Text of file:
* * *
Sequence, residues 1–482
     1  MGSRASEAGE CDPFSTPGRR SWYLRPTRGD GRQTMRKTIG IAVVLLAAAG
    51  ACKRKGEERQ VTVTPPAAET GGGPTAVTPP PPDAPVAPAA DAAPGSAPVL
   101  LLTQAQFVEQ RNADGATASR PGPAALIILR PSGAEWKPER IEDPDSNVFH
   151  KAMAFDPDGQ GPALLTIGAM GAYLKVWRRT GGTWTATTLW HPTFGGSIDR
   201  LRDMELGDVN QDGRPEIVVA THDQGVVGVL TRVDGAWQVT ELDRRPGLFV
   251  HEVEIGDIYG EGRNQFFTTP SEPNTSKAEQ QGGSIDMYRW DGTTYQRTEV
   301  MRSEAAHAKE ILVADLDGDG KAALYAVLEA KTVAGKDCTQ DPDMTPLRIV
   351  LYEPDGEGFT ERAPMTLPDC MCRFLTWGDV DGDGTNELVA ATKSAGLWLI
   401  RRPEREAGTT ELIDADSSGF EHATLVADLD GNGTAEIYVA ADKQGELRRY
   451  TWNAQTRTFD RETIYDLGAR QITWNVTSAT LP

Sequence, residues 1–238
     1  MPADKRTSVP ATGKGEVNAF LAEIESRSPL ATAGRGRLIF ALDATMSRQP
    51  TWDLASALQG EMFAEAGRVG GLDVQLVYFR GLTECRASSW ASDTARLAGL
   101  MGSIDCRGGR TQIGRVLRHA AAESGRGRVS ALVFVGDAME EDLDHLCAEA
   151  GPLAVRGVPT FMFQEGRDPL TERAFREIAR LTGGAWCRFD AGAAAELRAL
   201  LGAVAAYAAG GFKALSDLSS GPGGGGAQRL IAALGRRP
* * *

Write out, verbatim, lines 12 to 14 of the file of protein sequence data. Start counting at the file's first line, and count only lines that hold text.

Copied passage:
Sequence, residues 1–238
     1  MPADKRTSVP ATGKGEVNAF LAEIESRSPL ATAGRGRLIF ALDATMSRQP
    51  TWDLASALQG EMFAEAGRVG GLDVQLVYFR GLTECRASSW ASDTARLAGL